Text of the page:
Visit one of the most populous cities in the world
Shanghai is one of the world's largest cities and offers the perfect combination of a modern city full of huge skyscrapers with ancient temples.
The city of ** Shanghai ** is one of the largest cities in the world. It has two and a half times as many inhabitants as the whole of the Czech Republic, and a proper tour would certainly deserve many more days than we had available. We planned to visit Shanghai for only two days, when we used air transfers on the way to New Zealand and back.
Riding the fastest train in the world
The first experience was to ride the fastest train in the world ** Maglev **, leading from the airport ** Pudong ** to the center – unfortunately we did not find out information at first, and therefore the maximum speed was „only“ 300km / h. During the second run, we already knew that the train only reaches its maximum speed at certain times (09: 00–10: 45 and 13: 00–16: 45), so in the end we also enjoyed the ride at 430km / h. The name Maglev is an abbreviation of the words magnetic levitation, which suggests that the train does not run directly on the tracks, but hovers over them using magnetic forces.
The first stop in Shanghai was the modern center of Lujiazui with the subway station of the same name. Right after exiting the subway, we were shocked by the height of the surrounding skyscrapers, many of which offer amazing views. ** Lujiazui Green ** is located among skyscrapers and offers beautiful views, similar to those of ** Central Park ** in New York.
On the other side of Lujiazui Green are three skyscrapers that are among the tallest in China and around the world.
The highest prospect
The individual skyscrapers and towers offer beautiful views and it is very difficult to decide which one is the best. Due to time constraints, we could only manage one and we chose the highest one.
** Shanghai Tower ** is a fantastic skyscraper. Not only is it the second tallest building in the world, but it also has the fastest elevator ever, reaching a speed of almost 74 km / h. The elevator is so masterfully designed that one practically does not register its movement, no noise or any shocks. The only thing one feels is lying in one's ears, due to a change in pressure. It should be borne in mind that there is often so much smog in Shanghai that it is not always worth the prospect to go out.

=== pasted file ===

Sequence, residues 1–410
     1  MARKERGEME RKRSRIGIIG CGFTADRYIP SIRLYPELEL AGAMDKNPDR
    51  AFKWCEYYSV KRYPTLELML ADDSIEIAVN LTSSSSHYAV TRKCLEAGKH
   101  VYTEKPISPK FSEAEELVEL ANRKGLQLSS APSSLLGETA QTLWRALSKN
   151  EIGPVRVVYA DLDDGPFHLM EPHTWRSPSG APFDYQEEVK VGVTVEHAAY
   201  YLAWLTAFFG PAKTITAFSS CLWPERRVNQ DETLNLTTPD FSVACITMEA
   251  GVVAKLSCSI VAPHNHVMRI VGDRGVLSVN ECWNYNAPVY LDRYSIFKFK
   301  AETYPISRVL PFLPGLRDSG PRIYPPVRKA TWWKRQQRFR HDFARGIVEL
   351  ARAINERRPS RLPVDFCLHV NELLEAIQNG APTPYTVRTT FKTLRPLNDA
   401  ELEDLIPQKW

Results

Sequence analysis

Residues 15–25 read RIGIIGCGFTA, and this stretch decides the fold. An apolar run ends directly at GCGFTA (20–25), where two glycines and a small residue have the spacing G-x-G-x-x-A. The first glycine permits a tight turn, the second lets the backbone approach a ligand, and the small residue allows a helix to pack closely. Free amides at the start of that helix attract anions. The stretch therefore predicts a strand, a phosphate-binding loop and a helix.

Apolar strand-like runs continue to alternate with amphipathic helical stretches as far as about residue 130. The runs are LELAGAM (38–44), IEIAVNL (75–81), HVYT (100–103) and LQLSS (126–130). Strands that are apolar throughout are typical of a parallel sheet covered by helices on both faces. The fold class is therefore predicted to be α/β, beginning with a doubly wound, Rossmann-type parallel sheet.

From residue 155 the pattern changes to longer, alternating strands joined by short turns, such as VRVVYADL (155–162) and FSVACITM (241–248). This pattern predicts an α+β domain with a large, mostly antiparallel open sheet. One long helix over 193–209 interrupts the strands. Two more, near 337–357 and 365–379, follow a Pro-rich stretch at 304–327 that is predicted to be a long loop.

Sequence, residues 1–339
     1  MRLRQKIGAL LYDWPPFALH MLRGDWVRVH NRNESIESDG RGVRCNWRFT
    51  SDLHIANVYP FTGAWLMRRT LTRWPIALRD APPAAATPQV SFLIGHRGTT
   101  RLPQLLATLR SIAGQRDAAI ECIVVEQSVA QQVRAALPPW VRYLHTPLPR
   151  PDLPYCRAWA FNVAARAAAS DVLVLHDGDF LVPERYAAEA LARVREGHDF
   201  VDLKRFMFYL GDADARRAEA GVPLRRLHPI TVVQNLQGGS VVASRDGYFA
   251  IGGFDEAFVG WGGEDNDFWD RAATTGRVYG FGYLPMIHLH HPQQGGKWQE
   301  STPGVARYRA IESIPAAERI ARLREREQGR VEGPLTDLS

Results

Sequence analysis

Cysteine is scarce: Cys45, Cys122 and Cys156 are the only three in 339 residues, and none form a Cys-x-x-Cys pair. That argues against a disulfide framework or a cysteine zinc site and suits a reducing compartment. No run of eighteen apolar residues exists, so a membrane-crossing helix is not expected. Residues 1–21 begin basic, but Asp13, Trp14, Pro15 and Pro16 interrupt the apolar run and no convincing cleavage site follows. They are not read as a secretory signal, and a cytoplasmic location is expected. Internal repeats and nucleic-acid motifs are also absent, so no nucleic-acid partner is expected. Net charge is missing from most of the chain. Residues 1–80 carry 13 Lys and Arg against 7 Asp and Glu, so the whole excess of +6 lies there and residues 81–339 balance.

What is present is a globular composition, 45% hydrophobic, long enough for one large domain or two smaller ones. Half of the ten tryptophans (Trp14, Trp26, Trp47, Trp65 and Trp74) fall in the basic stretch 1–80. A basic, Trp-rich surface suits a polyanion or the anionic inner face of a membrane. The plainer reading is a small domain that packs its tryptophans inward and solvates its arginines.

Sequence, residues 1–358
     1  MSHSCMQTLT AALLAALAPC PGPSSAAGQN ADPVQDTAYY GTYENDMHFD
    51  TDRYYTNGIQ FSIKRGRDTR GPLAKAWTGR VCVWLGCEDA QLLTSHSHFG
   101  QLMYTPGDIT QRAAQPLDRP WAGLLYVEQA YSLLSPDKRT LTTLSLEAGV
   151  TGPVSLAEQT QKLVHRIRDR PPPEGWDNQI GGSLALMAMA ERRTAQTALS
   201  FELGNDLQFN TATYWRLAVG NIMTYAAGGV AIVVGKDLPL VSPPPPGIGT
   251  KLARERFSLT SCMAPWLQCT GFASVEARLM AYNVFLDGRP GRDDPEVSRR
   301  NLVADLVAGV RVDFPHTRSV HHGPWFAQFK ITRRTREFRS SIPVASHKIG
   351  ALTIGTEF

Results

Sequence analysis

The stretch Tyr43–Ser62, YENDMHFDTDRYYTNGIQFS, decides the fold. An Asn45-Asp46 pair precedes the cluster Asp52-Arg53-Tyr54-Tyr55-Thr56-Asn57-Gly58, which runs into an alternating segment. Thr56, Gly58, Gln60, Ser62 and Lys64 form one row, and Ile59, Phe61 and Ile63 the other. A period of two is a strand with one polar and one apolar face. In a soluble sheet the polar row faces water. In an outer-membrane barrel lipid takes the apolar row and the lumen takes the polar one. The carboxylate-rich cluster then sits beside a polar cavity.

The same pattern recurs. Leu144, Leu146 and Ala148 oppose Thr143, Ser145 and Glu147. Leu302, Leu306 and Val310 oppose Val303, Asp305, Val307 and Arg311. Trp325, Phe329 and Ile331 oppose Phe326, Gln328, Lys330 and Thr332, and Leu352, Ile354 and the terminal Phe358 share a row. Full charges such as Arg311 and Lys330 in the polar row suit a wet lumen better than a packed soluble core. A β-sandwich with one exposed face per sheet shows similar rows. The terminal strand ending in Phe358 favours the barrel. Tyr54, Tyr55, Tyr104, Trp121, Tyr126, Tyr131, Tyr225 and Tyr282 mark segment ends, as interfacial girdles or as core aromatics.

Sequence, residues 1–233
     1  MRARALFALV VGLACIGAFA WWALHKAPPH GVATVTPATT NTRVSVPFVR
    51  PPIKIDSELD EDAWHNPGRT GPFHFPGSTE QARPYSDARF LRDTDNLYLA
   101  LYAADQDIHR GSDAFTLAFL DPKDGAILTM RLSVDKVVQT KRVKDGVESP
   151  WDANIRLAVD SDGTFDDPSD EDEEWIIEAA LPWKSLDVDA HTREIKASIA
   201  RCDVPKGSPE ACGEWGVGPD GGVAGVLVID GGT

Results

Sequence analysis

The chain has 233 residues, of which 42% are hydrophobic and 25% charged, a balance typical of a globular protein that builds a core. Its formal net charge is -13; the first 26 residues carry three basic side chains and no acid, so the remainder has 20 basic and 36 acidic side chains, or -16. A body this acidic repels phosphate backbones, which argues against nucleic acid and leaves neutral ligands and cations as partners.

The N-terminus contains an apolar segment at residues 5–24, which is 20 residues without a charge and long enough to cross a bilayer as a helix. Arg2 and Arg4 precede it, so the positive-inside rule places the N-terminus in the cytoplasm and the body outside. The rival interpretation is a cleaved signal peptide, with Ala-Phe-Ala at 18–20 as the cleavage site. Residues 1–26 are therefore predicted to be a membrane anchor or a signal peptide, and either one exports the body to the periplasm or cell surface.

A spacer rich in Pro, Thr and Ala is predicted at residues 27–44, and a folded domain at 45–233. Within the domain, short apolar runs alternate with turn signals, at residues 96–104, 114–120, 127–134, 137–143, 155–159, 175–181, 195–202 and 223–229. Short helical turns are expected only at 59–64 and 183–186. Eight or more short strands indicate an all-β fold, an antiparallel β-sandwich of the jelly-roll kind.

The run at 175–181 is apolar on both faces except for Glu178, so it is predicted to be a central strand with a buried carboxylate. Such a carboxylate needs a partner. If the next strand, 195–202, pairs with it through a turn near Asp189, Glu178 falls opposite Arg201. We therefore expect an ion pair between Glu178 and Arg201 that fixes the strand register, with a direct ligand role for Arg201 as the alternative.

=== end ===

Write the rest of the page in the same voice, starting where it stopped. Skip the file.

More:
View of the Pearl of the Orient
View of the roundabout with the promenade
Skyscraper ** Jin Mao ** (Jin Mao) was the tallest skyscraper in China with its height of 421m from 1998 to 2008, when it was surpassed by the building of the financial center – ** Opvírák **.
Until 2013, the financial center building, the so-called ** Otvírák **, was the tallest skyscraper in China (492 m). Today we can look at it from above from the perspective of the ** Shanghai Tower **.
The view from below of the second tallest building in the world (632m) is fascinating.
Pearl of Orient
The 468m high television tower is one of the hallmarks of Shanghai and probably the most famous building in this city. Although the main viewpoint of this tower is not as high as in the Shanghai Tower **, it has a glass floor, which can be an attraction for many. The tower also includes a revolving panoramic restaurant.
The opposite of the modern center is the old town, a district full of beautiful historic buildings, temples, shops and restaurants.
The biggest problem in this part is the crowds. There are a lot of them and it often takes quite a long time to get from point A to point B.
The most beautiful and quiet place in the old quarter is definitely the Yuyuan Garden.
Beautifully landscaped temples, bridges, gazebos, dragon statues, ponds and of course lots of greenery around.
** Chenghuang Miao ** or ** Temple of the City God ** is near Yuyuan Garden. Due to the location, attendance is much higher than at other temples, but this colorful temple is still worth a visit.
Directly across the river ** Huangpu **, opposite the centa ** Lujiazui **, is the beautiful waterfront ** Bund **, from where there is an unbeatable best view of the entire modern center. In good weather, it pays to come here at sunset and watch its reflection in the reflection of skyscrapers.
The Bund is also an ideal place for evening walks and observations of colorful skyscrapers. The dominant feature is the television tower ** Pearl of the Orient **, which is constantly changing colors.
Although Shanghai is a modern city, it also offers countless beautiful temples. One of the most famous is the ** Jing'an ** temple.
The temple includes many statues, such as the statue of the „Laughing Buddha“ – ** Budai **.
Qibao is a small old town that is now part of Shanghai. Here you will find a tangle of narrow streets with markets and very cheap shops, pagodas, temples and canals with beautiful bridges.
The most famous pagoda in Shanghai – ** Longhua ** stands next to the temple of the same name, which is the largest and oldest temple in Shanghai.
This temple, built sometime around 242, is one of the most important temples in all of China. It has a remarkable history and has been destroyed and rebuilt several times.
Like other overcrowded cities, Shanghai often suffers from smog. However, even with increased smog, the enlightened night Bund has its charm.
Pearl of Orient
The circular promenade, which seems to float above the colorful roundabout, is also worth a night visit.
Originally, we wanted to choose the one on the Pearl of the Orient as the second prospect, but due to the increased smog, we finally missed it and a bottom view of three of the tallest skyscrapers was enough.
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